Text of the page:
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. 2014 Oct;387(10):935-42.
doi: 10.1007/s00210-014-1007-z. Epub 2014 Jun 24.

Linalool and Linalool Complexed in β-Cyclodextrin Produce Anti-Hyperalgesic Activity and Increase Fos Protein Expression in Animal Model for Fibromyalgia

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Linalool and Linalool Complexed in β-Cyclodextrin Produce Anti-Hyperalgesic Activity and Increase Fos Protein Expression in Animal Model for Fibromyalgia

Simone S Nascimento et al. Naunyn Schmiedebergs Arch Pharmacol. .

Abstract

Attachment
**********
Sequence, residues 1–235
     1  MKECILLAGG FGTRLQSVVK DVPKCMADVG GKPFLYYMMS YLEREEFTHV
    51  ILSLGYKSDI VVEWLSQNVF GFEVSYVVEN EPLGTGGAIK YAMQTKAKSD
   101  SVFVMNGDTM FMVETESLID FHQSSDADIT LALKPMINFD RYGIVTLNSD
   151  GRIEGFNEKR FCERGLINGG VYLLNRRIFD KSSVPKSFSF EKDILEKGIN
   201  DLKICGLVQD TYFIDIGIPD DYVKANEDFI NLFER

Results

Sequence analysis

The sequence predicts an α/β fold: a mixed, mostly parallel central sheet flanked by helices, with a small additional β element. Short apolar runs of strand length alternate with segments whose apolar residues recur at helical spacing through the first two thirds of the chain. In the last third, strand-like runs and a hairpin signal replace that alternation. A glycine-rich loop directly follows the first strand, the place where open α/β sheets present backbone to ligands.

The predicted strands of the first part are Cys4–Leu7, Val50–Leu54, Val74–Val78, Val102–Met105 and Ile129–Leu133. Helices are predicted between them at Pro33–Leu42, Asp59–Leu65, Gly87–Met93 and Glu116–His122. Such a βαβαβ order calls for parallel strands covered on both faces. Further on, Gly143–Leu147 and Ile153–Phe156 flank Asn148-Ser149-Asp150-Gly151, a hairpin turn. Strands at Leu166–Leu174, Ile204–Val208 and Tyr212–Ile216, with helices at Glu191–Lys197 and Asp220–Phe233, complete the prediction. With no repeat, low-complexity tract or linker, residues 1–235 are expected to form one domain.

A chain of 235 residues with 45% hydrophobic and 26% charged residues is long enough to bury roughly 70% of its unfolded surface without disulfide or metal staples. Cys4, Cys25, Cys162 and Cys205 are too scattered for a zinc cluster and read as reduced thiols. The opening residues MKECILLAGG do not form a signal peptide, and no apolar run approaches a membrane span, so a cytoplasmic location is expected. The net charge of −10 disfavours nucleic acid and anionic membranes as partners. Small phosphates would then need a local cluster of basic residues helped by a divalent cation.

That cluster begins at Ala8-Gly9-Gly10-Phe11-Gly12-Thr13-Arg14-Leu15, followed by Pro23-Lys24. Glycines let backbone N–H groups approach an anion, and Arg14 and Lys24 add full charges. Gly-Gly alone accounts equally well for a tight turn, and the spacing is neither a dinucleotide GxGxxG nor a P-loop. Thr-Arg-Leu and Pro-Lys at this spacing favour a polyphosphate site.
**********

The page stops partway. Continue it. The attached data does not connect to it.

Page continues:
The analgesic activity of (-)-linalool (LIN), a monoterpene present in essential oils of Lamiaceae species, has been previously demonstrated in rodents. However, its possible use in the treatment of fibromyalgia (FM) was never demonstrated. Additionally, as a short half-life is a limitation for the LIN medicinal application, the employment of drug delivery systems has been used to improve pharmaceutical properties of this compound. We investigated the anti-nociceptive effect of LIN, isolated or in β-cyclodextrin complex (LIN-CD), in an animal model of chronic non-inflammatory muscle pain (a FM animal model), as well as its effect on the central nervous system (CNS). Male Swiss mice were subjected to two injections of acidic saline (pH 4; 20 μL/gastrocnemius) and were treated on alternate days, with LIN-CD (25 mg/kg, p.o.), LIN (25 mg/kg, p.o.), tramadol (TRM 4 mg/kg, i.p.), or vehicle (neutral saline). After 60 min, they were screened for mechanical hyperalgesia (von Frey), motor coordination (rotarod), and muscle strength (grip strength meter) for 27 days. The CNS areas involved in the anti-hyperalgesic activity were evaluated by immunofluorescence. LIN or LIN-CD produced a significant reduction (p < 0.001) of mechanical hyperalgesia on chronic non-inflammatory muscle pain model, which remained for 24 h only in LIN-CD, and these compounds significantly (p < 0.05) activated neurons of the locus coeruleus, nucleus raphe magnus, and periaqueductal gray areas. So, our results suggest that LIN-CD improved analgesic profile of LIN, with a probable involvement of descending pain pathways and the anti-nociceptive effect of linalool in an animal model of chronic non-inflammatory muscle pain. So far, only the investigations in animal models of inflammatory pain and supraspinatus were published.

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